Reimagining foreign policy: Joe Biden’s first foreign policy speech and its implications for international affairs

David Monda


As we prepare to slowly ease back into old routines, and as America looks to reconstruct its diplomatic network devastated by four years of Trumpism, foreign policy makers need to learn that there are limits to American diplomacy abroad. While America can use the full arsenal of its diplomatic toolbox including the United Nations, sanctions regimes, and diplomatic boycotts on nations it is at odds with, there are instances when the use of force will be inevitable.

President Joe Biden’s first foreign policy speech was high on ideals but low on specifics regarding America’s diplomacy. It reminded me of the idealistic vision of Jimmy Carter when he came to power in 1976. Carter’s rhetoric was loaded with idealism of a world cooperating for global peace, without appreciating the limits of American diplomatic power. Carter was soon forced to retreat from this idealism, to take a tough realpolitik stand against America’s greatest competitor, the Union of Soviet Socialist Republics (USSR). Might a similar fate befall POTUS 46 once his administration’s diplomapolitik is rejected by competitors and allies across the world? Foreign policy makers in Biden’s infant administration need to learn that there are limits to American diplomacy abroad.

Biden has pursued the narrative of American diplomacy at the front of American foreign policy. In past administrations, this has included the use of America’s position on the Security Council of the United Nations to sanction opponents, advance diplomatic, cultural and trade boycotts of rogue states and economic sanctions on these rouge states. In the specific context of Iran nuclear deal for instance, the P5+1 (permanent members of the United Nations Security Council and the European Union) has resulted in years of false starts on American led efforts at diplomacy with accusations of Iran continuing uranium enrichment to attain nuclear weapons. Iran categorically denies this claim. It is not clear from Biden’s speech what recourse there is for the US when America’s diplomacy fails in cases like that of Iran.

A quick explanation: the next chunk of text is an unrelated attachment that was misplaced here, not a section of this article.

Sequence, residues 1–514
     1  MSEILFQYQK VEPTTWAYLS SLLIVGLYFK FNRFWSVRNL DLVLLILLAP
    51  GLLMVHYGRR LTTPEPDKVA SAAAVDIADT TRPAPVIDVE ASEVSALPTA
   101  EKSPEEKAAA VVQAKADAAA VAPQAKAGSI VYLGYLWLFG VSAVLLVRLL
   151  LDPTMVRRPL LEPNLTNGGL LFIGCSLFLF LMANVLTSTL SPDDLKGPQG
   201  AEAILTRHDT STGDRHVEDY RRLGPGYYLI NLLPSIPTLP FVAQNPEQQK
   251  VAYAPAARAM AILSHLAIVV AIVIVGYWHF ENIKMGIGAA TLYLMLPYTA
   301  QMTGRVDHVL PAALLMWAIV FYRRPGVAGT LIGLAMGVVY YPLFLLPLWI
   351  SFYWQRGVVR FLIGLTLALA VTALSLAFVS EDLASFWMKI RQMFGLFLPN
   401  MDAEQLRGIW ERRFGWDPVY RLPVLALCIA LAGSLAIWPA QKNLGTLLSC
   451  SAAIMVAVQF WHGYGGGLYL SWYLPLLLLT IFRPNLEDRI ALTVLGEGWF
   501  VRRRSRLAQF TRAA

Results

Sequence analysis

His speech was silent with regards to America supporting the use of international institutions not only to prosecute human rights abusers, but also to act as a deterrent to leaders fanning violence against the opposition and election violence during and after elections. The recent conviction of former Lord’s Resistance Army (LRA) leader Dominic Ongwen by the International Criminal Court (ICC) shows how effective international institutions can be in pursuing justice. Not only to provide justice for innocent victims of genocide, but to act as a deterrent to authoritarian tyrants across the globe. The United Nations Charter led to the advancement of the United Nations Declaration of Human Rights to prevent genocide and massacres in the aftermath of World War 2. In the post Cold War period, it has also been used to bring rebel groups and human rights abusing governments to book for their actions.